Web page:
Nikesh Patel is enjoying a moment of respite amid a busy year ahead. Paying his dues in conveyor belt shows like Midsomer Murders and Law & Order: UK, Patel’s stock rose ten-fold thanks to hisdeft turn in the historical drama Indian Summers, a seminal role that stretched his nuanced credibilities and opened doors for the rising star. Turns in Doctor Who and Man Like Mobeen came either side of his first endeavour into the fruitful world of romance and comedy and Mindy Kaling’s adaptation of the classic rom-com Four Weddings and a Funeral flaunted Patel’s insatiable charm and bumbling gusto, on the frontline of the fight to challenge the adumbrative archetypal leading man.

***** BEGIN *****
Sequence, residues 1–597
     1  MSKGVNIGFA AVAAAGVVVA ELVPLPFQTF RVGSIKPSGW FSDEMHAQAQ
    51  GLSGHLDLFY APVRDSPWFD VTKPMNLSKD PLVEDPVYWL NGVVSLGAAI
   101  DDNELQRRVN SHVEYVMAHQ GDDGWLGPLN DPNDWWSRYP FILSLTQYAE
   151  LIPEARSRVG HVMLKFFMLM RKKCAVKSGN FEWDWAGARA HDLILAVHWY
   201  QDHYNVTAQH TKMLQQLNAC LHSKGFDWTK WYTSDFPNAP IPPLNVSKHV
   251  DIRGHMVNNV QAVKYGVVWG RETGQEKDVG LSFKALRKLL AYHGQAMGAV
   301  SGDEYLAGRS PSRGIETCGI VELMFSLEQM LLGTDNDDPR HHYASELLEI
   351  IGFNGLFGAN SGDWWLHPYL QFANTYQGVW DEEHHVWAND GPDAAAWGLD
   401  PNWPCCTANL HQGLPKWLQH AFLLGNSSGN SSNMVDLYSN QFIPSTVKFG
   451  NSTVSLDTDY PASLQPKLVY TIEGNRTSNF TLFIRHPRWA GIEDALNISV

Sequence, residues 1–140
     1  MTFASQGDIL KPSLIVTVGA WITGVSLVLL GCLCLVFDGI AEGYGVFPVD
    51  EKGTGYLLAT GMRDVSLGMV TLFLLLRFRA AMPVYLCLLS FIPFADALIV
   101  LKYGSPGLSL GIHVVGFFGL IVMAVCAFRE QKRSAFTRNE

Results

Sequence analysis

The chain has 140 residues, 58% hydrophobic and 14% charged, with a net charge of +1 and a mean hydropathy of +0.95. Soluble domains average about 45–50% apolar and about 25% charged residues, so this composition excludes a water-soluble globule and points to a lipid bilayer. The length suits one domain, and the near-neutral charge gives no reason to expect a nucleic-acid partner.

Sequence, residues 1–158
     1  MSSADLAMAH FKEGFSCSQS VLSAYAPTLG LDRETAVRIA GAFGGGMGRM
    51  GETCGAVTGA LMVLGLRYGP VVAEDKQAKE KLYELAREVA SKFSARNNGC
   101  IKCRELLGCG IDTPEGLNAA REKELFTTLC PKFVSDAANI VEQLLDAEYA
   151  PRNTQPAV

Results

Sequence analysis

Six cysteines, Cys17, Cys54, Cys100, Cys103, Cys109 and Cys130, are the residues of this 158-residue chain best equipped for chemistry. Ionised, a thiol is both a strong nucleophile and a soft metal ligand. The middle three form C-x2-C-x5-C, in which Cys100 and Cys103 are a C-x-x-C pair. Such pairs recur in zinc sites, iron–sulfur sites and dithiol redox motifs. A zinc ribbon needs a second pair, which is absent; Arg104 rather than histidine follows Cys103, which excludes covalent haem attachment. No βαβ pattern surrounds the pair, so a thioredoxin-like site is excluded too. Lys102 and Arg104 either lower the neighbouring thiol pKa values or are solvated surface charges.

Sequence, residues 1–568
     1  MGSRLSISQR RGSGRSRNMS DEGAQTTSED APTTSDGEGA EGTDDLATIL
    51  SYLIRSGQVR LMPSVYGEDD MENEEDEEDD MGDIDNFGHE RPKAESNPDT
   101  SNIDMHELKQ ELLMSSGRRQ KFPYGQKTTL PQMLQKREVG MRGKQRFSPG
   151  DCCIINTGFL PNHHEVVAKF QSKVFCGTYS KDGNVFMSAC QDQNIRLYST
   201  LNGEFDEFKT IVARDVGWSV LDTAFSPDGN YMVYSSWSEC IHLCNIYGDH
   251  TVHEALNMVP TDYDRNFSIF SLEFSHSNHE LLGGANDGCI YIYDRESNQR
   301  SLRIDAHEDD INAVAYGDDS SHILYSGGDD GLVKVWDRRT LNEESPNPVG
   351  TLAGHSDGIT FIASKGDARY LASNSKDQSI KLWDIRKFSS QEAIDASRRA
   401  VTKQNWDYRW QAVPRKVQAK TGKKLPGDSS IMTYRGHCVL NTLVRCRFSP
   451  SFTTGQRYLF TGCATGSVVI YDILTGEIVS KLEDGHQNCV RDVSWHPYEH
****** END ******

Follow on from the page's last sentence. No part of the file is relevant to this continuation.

Patel’s star role to date found him once again vying the waters of comedy. Quirky, modern and, above all, realistic, Starstruck delves into the giddy mess of romance through the eyes of one of New Zealand’s finest comedic exports, Rose Matafeo. Playing Matafeo’s counterpart, Patel anchors the tone, gentle in his exploration of humour and raw in his perception of love. His new project The Devil’s Hour is a tetchy, disorientating and violent production that bridges the gap between nightmarish psychological horror and gritty crime drama realism. Appearing alongside Jessica Raine and Peter Capaldi, Patel impresses as Ravi Dhillon, a murder investigator who, ironically, is incensed and disgusted by the sight of blood. He builds the character from a base point of anxiety and confusion, disguising his fear with intrigue and ambivalence, urgent but never desperate, pained by the atrocities he witnesses and the consuming responsibility that his position holds.